According to the present invention, the large vessel height is reduced by one half for the pressure test. Because of this, the fabricated or divided vessel portions are advantageously transported with or without the base enclosure. Assembly or reassembly of the vessel should take place at the site where the vessel will ultimately be used. This eliminates the waste of cutting shell material away and repreparing the cylinder which is currently required. Not only is the outer dimension reduced but also weight is reduced for the individual vessel portions for shipping.
While specific embodiments of the invention have been shown and described in detail to illustrate the application of the principles of the invention, it will be understood that the invention may be embodied otherwise without departing from such principles.
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|Citing Patent||Filing date||Publication date||Applicant||Title|
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|US7685870||Sep 27, 2007||Mar 30, 2010||United Technologies Corporation||Systems and methods for performing cooling airflow analysis of gas turbine engine components|
|US20090084170 *||Sep 27, 2007||Apr 2, 2009||United Technologies Corp.||Systems and Methods for Performing Cooling Airflow Analysis of Gas Turbine Engine Components|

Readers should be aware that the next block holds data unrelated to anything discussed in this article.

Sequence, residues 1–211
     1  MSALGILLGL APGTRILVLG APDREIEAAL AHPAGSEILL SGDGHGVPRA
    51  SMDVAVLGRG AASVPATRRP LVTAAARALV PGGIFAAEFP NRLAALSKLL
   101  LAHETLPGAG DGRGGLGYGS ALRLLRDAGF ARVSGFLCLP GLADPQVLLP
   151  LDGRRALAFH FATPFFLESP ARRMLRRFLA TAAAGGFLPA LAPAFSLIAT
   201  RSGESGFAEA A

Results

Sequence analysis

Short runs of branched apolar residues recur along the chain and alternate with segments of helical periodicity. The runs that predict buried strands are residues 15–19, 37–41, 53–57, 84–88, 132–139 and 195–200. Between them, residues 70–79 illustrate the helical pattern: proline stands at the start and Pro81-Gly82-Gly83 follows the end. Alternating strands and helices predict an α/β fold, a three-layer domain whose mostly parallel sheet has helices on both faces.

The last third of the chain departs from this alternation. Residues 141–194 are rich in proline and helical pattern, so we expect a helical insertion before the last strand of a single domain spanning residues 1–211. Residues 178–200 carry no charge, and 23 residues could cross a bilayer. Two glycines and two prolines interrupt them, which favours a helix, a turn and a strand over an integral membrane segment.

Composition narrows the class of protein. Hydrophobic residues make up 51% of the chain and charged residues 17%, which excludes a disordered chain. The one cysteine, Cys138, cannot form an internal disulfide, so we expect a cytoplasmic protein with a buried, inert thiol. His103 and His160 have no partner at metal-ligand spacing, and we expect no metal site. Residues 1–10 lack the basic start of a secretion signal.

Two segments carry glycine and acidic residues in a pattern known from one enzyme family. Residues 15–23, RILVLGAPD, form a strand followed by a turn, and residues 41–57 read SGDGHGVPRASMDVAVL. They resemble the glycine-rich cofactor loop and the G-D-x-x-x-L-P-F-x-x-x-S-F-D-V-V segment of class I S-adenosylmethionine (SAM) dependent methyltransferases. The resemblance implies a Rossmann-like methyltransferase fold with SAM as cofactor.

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|U.S. Classification||73/37, 73/49.2, 73/49.8|
|Jul 13, 1992||AS||Assignment|
Owner name: BABCOCK & WILCOX COMPANY, THE
Free format text: ASSIGNMENT OF ASSIGNORS INTEREST.;ASSIGNORS:BEES, WILLIAM J.;MC DONALD, DENNIS K.;REEL/FRAME:006189/0229
Effective date: 19920709
|Sep 30, 1997||FPAY||Fee payment|
Year of fee payment: 4
|Jan 14, 1998||AS||Assignment|
Owner name: MCDERMOTT TECHNOLOGY, INC., LOUISIANA
Free format text: ASSIGNMENT OF ASSIGNORS INTEREST;ASSIGNOR:BABCOCK & WILCOX COMPANY, THE;REEL/FRAME:008820/0595
Effective date: 19970630
|Aug 20, 1998||AS||Assignment|
Owner name: MCDERMOTT TECHNOLOGY, INC., LOUISIANA
Free format text: CORRECT ASSIGNMENT AS ORIGINALLY RECORDED ON REEL 8820 FRAME 0595 TO DELETE ITEMS ON ATTACHED PAGE 2.;ASSIGNOR:BABCOCK & WILCOX COMPANY, THE;REEL/FRAME:009405/0374
Effective date: 19970630
|Dec 18, 2001||REMI||Maintenance fee reminder mailed|
|May 24, 2002||LAPS||Lapse for failure to pay maintenance fees|
|Jul 23, 2002||FP||Expired due to failure to pay maintenance fee|
Effective date: 20020524